Leni Yahil was an Israeli scholar and pioneer of Holocaust research in the decades following the Second World War. Born in Germany, she immigrated to Palestine in 1934 with members of the Jewish youth movement Werkleute and went on to study History at Hebrew University. While later briefly living abroad in Scandinavia with her family, Yahil was asked by Yad Vashem to gather information on the experience of Northern European Jews during the Holocaust. Yahil went on to pioneer this particular field of inquiry, writing her dissertation on the experience of Jews in Denmark during the Holocaust; from 1966 onward, she was involved in academic activity. Her work uniquely emphasized the importance of Jewish primary sources and Jewish perspectives on the Holocaust, highlighting the role of Jewish resistance to Nazism and challenging assumptions about Jewish passivity.
Leni Westphal was born in 1912 in Düsseldorf, Germany and raised in Potsdam. She was a sixth-generation descendant of the family of Moses Mendelssohn and a granddaughter of James Simon, with whom she was particularly close. The first Hebrew book that she received from her grandfather was a Bible with German translation containing a personal inscription from him. Her father, Ernst Westphal, was a judge.
Young Adulthood in Palestine
After completing her studies in Potsdam, Yahil embarked on the study of history at the universities of Munich and Berlin and was accepted into the Hochschule für die Wissenschaft des Judentums (College of Judaic Studies) in Berlin. Her studies were cut short when the Nazis ascended to power. She devoted herself to the Jewish youth movement Werkleute (Workmen), becoming one of its leaders. Yahil immigrated to Palestine in 1934 with other members of the movement, who lived as a group in Haderah before their future settlement was established; among other things, she worked in the surrounding area, packing oranges for transport. During the winter of 1935/36, she left the group before its official inauguration as a settlement (at the site of present-day Kibbutz Ha-Zore’a) and moved to Jerusalem to study at the Hebrew University. She majored in general history, with a dual minor in Jewish history and Hebrew literature. In 1940 she completed her master’s degree, writing her thesis on “The Concept of Democracy in Tocqueville.”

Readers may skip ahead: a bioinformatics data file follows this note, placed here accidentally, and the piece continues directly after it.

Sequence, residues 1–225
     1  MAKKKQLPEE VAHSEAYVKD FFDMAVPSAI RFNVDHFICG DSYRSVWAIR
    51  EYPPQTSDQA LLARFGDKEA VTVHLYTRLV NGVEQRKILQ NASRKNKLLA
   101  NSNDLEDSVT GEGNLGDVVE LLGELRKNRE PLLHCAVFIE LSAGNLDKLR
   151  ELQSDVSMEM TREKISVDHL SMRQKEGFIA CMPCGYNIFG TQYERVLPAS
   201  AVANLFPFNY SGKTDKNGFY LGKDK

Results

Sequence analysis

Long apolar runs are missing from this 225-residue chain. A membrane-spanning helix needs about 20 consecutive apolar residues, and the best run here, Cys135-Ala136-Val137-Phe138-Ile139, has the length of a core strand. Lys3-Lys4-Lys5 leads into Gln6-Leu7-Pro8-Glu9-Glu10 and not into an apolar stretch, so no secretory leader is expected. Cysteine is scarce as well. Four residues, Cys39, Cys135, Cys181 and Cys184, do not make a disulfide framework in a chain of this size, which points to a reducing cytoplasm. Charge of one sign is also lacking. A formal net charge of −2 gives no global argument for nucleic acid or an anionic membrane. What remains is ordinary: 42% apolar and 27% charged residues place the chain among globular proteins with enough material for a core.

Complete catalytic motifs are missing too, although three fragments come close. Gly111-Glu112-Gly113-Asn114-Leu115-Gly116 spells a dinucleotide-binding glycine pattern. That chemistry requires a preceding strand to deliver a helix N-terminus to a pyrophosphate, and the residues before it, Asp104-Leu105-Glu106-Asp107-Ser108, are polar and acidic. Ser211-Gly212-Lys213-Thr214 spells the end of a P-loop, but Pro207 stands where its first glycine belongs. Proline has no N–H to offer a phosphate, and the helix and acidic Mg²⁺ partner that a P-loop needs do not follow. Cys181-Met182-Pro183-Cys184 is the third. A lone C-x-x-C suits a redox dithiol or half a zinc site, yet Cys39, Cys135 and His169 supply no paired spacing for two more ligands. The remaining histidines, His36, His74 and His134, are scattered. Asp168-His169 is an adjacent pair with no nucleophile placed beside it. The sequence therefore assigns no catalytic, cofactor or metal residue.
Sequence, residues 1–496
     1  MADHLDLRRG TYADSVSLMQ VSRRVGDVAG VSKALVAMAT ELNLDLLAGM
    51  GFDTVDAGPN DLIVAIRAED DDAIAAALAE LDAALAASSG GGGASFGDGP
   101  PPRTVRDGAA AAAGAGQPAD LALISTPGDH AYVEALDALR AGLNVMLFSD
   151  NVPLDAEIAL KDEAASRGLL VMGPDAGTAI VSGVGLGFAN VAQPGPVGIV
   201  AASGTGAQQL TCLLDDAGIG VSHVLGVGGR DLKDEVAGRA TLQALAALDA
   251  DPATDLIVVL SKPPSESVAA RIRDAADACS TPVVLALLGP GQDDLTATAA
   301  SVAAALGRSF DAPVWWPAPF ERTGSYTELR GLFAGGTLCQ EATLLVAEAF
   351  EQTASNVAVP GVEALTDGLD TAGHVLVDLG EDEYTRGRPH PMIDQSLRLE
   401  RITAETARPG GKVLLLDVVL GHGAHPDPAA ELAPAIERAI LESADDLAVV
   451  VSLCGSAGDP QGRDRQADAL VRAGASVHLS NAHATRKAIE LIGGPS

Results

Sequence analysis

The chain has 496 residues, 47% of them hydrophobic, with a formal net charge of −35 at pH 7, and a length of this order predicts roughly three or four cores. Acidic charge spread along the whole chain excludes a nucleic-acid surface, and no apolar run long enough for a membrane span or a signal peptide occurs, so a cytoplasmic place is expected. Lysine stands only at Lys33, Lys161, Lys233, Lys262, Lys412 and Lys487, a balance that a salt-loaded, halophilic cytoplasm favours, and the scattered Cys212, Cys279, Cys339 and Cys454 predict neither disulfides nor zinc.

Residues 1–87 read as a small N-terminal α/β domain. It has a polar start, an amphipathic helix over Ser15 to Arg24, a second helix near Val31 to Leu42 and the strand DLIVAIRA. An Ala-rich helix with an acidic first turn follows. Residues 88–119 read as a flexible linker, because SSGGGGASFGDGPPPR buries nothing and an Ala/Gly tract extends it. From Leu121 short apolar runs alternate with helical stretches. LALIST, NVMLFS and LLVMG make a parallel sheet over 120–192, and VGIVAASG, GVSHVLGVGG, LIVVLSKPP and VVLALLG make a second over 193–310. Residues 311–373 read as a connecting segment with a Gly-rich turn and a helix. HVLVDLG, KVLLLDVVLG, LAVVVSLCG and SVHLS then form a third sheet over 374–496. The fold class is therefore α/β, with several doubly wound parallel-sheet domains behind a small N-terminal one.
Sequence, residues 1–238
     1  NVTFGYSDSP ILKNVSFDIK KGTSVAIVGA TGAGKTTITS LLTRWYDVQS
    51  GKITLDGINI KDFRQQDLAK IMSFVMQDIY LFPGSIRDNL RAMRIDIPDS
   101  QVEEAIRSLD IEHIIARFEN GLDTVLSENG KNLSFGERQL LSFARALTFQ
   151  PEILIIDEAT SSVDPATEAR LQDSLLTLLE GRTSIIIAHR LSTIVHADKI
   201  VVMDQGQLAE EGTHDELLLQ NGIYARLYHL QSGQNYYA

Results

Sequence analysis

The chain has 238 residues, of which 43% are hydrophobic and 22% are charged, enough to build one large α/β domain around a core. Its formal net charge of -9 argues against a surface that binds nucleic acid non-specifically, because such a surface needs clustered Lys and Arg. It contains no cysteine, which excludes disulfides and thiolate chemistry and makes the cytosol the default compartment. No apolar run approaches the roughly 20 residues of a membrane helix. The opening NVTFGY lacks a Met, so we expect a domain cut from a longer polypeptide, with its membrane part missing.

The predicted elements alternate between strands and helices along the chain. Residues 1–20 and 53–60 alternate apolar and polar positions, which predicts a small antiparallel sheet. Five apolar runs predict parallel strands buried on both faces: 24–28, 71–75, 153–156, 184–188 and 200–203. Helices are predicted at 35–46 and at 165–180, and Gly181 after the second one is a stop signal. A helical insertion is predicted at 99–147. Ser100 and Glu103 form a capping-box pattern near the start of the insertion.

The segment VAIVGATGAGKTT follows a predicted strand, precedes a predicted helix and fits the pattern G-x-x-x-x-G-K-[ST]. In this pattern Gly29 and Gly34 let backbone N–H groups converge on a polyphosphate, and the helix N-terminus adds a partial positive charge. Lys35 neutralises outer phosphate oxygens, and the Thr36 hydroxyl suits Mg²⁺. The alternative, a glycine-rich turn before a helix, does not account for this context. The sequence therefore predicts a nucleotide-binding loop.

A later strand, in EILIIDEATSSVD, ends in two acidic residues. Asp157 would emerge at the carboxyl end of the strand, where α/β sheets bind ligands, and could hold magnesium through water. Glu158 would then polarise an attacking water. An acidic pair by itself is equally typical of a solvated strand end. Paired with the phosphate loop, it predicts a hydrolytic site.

Following her studies, she engaged in various cultural, political and journalistic activities (1940–1947, 1949–1953) in the labor movement and the women’s section of the Histadrut (Israeli labor federation), and in various positions at Davar (the Histadrut’s daily newspaper). In 1941, while working on preparations for a program of seminars as Berl Katznelson’s secretary, she met Chaim Hoffman (later Yahil; 1905–1974), who was one of the lecturers. They married in 1942 and had two sons: Amos, born in 1943 (now a professor of astronomy) and Jonathan, born in 1945 (fell in Jerusalem in the Six-Day War in 1967).
Sojourns in Europe
The family would often accompany Chaim Yahil on his postings abroad. In 1947 they joined him in Munich, where he served from December 1945 to April 1947 as head of the Jewish Agency welfare units under the auspices of UNRRA in the DP camps in occupied Germany. Leni Yahil edited the English-language monthly, News from Israel. From 1953 to 1954 the family resided in Cologne, where Chaim Yahil represented the Foreign Ministry as deputy leader of the Israeli delegation handling the implementation of the reparations agreement between Germany and Israel. From 1956 to 1959 he held the post of Israeli ambassador to Sweden, Norway and Iceland (from the age of thirteen, the children studied at Wittingham College in England). Between 1961 and 1965 he served as director-general of the Foreign Ministry.